Thalmic hires Under Armour’s former head of connected products as VP of product experience

Thalmic Myo

After beginning its hiring spree in November, Thalmic Labs has announced an executive hire in Abhi Bhatt, who will act as Thalmic’s VP of product experience.

Bhatt is formerly head of connected products at Under Armour, where he led the overall product story, definition, and execution of all connected products including the Under Armour HealthBox and Under Armour’s SpeedForm Gemini 2 connected running shoes.

Bhatt led Under Armour’s strategic partnerships for their connected products portfolio, leading to successful product launches around the world. Prior to joining Under Armour, Bhatt held product and management roles at companies like Microsoft and Motorola.

In September, Thalmic announced a massive $158 million Series B, and hired former Samsung exec Tara Kriese as its chief marketing officer following its San Francisco expansion. Lake has said the next product will “reimagine human-computer interaction” for its Myo armband, but has been secretive about what it’s working on now.

Speaking with BetaKit, Lake denied that the company was entering the clothing space, but that Bhatt would instead contribute to bringing design thinking to the company’s newest product. While, of course, he wouldn’t reveal what this product is, BetaKit asked what it means to reimagine human-computer interaction — and whether this seamlessness meant that we would just be trapped with VR headsets in our basement.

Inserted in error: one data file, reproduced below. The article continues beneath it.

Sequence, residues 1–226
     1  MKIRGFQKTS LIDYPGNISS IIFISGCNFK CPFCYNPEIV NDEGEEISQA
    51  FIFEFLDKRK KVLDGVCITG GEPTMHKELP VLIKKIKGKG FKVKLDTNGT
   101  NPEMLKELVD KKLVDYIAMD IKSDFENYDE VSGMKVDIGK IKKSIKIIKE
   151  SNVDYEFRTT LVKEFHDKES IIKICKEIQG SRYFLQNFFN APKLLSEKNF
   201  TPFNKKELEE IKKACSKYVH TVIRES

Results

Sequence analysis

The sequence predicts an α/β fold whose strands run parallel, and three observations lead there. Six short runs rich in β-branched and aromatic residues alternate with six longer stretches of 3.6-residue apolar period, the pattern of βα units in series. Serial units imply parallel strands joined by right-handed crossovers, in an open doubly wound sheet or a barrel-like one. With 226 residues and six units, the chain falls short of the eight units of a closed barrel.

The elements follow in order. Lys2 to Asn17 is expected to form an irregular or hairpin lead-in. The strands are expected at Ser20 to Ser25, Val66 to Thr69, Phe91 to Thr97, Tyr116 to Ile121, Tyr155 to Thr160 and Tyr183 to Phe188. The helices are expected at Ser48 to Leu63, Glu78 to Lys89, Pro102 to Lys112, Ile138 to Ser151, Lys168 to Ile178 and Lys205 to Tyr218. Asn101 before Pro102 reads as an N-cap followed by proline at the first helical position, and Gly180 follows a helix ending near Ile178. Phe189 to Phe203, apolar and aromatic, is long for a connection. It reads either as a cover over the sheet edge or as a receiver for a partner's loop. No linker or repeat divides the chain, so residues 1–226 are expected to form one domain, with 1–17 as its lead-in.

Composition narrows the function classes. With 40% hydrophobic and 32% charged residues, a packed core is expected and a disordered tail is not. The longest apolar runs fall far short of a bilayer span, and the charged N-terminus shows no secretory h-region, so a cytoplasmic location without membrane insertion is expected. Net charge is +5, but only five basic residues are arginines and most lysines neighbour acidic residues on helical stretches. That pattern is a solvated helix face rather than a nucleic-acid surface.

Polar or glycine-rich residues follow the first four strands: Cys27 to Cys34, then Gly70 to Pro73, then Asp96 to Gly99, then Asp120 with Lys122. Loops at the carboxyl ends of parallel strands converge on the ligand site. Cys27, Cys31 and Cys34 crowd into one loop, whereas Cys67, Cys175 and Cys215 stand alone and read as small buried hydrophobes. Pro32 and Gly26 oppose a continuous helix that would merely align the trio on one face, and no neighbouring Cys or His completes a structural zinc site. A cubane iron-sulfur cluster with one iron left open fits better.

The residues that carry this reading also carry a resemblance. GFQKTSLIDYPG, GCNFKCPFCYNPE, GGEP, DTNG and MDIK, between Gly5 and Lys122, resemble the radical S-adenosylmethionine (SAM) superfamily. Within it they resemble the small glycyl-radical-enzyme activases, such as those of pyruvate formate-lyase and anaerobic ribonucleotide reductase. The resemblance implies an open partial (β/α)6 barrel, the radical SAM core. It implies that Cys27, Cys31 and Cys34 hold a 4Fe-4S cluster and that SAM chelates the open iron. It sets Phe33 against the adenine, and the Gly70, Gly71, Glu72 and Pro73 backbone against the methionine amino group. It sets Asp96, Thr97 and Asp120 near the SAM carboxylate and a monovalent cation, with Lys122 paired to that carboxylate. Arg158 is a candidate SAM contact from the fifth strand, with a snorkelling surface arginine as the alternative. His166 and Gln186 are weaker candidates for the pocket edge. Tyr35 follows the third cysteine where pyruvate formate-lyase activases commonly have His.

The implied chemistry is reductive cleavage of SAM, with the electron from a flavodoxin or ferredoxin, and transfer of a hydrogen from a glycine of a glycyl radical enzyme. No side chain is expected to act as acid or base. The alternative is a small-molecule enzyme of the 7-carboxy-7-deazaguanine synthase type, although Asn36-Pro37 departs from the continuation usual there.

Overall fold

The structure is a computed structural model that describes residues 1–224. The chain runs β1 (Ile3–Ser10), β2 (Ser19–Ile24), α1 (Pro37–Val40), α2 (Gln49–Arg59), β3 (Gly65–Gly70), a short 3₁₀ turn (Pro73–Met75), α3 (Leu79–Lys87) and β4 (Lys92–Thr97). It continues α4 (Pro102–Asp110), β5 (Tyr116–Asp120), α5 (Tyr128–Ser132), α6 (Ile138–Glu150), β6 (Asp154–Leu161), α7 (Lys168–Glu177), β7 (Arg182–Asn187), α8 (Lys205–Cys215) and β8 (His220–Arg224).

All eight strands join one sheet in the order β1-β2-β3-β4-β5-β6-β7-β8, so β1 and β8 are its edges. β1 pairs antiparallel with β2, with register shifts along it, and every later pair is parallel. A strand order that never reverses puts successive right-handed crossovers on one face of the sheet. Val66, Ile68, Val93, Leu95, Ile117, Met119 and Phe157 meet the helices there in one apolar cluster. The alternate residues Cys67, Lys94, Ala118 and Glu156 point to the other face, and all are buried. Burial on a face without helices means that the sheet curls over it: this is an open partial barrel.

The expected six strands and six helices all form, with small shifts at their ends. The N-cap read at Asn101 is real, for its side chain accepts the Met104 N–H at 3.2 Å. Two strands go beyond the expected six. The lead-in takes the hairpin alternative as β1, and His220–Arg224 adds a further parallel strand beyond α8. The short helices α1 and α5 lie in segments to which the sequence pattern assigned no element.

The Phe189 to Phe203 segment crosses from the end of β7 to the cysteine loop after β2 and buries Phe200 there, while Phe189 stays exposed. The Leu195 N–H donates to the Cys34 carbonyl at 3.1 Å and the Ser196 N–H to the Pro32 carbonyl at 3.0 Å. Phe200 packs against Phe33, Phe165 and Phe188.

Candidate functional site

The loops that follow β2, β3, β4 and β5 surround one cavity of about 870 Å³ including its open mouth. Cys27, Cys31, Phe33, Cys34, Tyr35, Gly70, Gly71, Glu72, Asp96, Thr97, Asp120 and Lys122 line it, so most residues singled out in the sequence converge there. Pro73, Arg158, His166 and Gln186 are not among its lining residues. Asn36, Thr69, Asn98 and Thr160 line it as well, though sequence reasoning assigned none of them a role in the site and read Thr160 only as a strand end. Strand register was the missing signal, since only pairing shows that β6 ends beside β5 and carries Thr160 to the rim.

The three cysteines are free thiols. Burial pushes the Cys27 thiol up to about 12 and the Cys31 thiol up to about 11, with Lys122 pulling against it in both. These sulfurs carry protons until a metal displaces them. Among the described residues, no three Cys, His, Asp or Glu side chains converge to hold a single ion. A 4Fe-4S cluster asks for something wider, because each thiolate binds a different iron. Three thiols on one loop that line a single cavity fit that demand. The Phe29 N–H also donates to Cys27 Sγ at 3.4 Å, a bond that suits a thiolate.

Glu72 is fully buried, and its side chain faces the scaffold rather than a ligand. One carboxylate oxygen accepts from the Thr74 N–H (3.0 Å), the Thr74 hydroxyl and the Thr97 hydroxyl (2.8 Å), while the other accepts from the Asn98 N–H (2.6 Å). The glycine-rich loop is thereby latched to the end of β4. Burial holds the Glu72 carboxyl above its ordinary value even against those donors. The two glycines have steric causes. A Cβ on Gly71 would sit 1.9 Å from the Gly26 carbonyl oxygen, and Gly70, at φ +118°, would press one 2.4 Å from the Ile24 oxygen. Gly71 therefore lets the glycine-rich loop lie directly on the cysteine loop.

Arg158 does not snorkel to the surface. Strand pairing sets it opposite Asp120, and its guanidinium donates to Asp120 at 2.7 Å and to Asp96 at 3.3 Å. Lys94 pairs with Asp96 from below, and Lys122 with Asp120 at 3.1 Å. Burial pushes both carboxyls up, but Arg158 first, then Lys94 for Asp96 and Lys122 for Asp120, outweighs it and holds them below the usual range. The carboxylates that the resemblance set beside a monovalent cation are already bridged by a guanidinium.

“I believe that technology is amazing, and if you think about where we’ve come in the past, the power today is mindblowing. We have access to information; we can communicate around the world immediately. It’s a really exciting future where we reap those benefits of tech without heading towards dystopia,” Lake said.

“Wearables can be there supporting you in the physical world. Rather than drawing off or staring at a screen, what if I interact with people in the world, but still have elements of the benefits of technology,” said Lake. “There’s a positive future where technology, and specifically wearables, let us connect and be more present while giving us benefits of tech.”

In October, the company opened a factory dedicated to building its new device. Overall, Lake made a point to add that he was excited about what’s in store for the future of the Waterloo Region corridor, as the number of companies doing ambitious things increases. He doesn’t believe we need to compare ourselves to the Valley anymore.

“I cringe when I see those comparisons, because the reality is that we’ll never compare ourselves to the Valley. And we have to think about, what are the strengths we have in the ecosystem and how do we best leverage those and support those?”